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post #1 of (permalink) Old 11-20-2007, 06:13 AM Thread Starter
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Where is the needle of your temperature gauge?

Hi all,

Just wanted to know where the needle on your temperature gauges on your CJs is? Close to cool and not reaching the green marking or in the middle or even further? Reason i'm asking: after flushing my coolant system and replacing the thermostat, my needle does not stay very close to cool any longer but rather soon jumps to the middle of the gauge (even if the engine is quite cold and the thermostat hasn't opened) Maybe this is the way it should be and it wasn't the last ten years because the coolant system was blocked some way?
Just for explanation my fuel gauge doesn't work (i have heard rumors, this could affect the reading of the temperature gauge as well) but this didn't seem to have an effect on the temperature before i flushed. I have the 151-Gm-4-Banger.

Thanks in advance

momo
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post #2 of (permalink) Old 11-20-2007, 07:44 AM
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My best guess is that your old thermostat was not closing completely, which is the most common failure mode. That made the engine take longer to warm up, and under some conditions kept it from ever getting to proper operating temperature.

Any time you have questions about your cooling system's function, the first thing you should do is start the engione cold with the radiator cap off. Within a few minutes you should begin to see a flow of water in the top of the radiator. Then stick a thermometer into the flow as close to the top hose as possible and read the temperature. Before too much longer it should get to within ten degrees or so of the thermostat setting. For your Jeep that should probably be 195 or higher.

On older Jeeps there's a voltage regulator built into, I think, the temperature gauge. It must be functioning properly for the temp or fuel gauge to function properly. On new Jeeps that's probably handled by the computer.

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post #3 of (permalink) Old 11-20-2007, 08:16 AM
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Another thing to keep in mind is that a stock temp gauge isn't that acurate. And it doesn't need to be. Whether the engine is "cool" or "hot" doesn't matter.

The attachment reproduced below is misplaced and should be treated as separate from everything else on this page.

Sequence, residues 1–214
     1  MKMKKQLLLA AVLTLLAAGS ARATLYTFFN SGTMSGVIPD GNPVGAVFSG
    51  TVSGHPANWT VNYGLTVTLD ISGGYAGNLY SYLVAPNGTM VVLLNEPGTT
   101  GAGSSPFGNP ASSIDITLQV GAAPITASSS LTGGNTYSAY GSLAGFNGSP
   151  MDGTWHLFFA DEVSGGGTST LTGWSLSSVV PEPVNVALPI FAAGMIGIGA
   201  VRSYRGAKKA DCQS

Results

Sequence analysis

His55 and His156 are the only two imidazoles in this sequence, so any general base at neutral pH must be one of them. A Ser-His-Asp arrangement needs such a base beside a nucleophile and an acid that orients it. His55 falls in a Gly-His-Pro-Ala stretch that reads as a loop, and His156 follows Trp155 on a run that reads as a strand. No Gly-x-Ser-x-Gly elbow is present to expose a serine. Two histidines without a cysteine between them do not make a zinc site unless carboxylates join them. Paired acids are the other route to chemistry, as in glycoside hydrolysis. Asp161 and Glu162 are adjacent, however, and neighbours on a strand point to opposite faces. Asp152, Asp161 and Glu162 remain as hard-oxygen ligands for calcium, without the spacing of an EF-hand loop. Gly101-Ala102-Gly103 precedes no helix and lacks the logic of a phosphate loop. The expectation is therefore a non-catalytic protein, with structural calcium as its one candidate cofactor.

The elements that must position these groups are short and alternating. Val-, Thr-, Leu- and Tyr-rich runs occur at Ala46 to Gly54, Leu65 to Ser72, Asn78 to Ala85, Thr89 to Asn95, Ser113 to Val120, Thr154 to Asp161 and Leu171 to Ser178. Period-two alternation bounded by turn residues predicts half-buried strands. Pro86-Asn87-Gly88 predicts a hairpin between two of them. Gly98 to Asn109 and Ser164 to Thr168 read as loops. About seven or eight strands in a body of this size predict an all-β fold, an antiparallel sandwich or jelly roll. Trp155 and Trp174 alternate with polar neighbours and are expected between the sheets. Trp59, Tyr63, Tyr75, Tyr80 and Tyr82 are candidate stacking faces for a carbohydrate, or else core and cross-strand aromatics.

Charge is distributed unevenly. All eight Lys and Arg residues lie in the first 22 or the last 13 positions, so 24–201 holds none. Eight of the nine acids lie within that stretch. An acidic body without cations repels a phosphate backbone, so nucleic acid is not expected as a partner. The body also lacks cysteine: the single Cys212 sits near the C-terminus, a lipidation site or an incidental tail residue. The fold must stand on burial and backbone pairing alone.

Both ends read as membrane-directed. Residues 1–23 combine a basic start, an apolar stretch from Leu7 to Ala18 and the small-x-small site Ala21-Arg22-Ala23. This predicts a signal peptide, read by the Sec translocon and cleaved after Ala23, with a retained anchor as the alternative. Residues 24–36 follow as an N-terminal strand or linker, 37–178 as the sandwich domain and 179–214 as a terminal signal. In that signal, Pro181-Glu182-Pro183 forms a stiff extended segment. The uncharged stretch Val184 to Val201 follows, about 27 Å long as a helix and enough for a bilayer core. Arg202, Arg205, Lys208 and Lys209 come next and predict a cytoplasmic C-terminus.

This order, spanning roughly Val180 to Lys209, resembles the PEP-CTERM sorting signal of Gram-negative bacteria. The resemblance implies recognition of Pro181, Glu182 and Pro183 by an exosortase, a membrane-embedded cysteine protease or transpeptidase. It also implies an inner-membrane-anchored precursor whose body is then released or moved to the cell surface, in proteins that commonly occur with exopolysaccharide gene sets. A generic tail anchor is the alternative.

What you want is to know where your engine normally lives. Keeping an eye on the temp gauge on a regular basis will give you a comfort level. Any extreme variation will be easily noted.

Just like you are experiencing now........ some thing out of the norm......

Are you experiencing any issues other than the gauge isn't where it used to be?

If the engine isn't running hot, over heating, or having perfomance issues, I'd say the old thermostat was bad. You are seeing the results of your work, the engine is back to operating temps.

The gauge is just one part of diagnosing a problem. And some times they are the root of the problem. Just double check the information they are giving you.
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post #4 of (permalink) Old 11-20-2007, 08:39 AM
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IMHO, it does matter where your gauges read. As has been stated, you'll get an idea where "normal" is at when everything is functional. Then, you just have to keep it there. The gauges help tell you what state you're engine is in... and that's important. Me, I taught my kids to look at gauges about every 5 minutes as they drive. If you can catch a problem early, it avoids expensive repairs later. Put out the smoke and there's no need to put out the fire.

In this case, did you make sure there's no air bubble in the engine, and it's full of coolant? Me, I pour coolant into the thermostat hole in the block and then install the thermostat. I make sure the thermostat has a burp hole in it's rim t bleed off any trapped air. I usually have cut the heater hoses and installed a back flush kit. That way, at any time I can burp the system by loosening the hose bib cap on the back flush kit.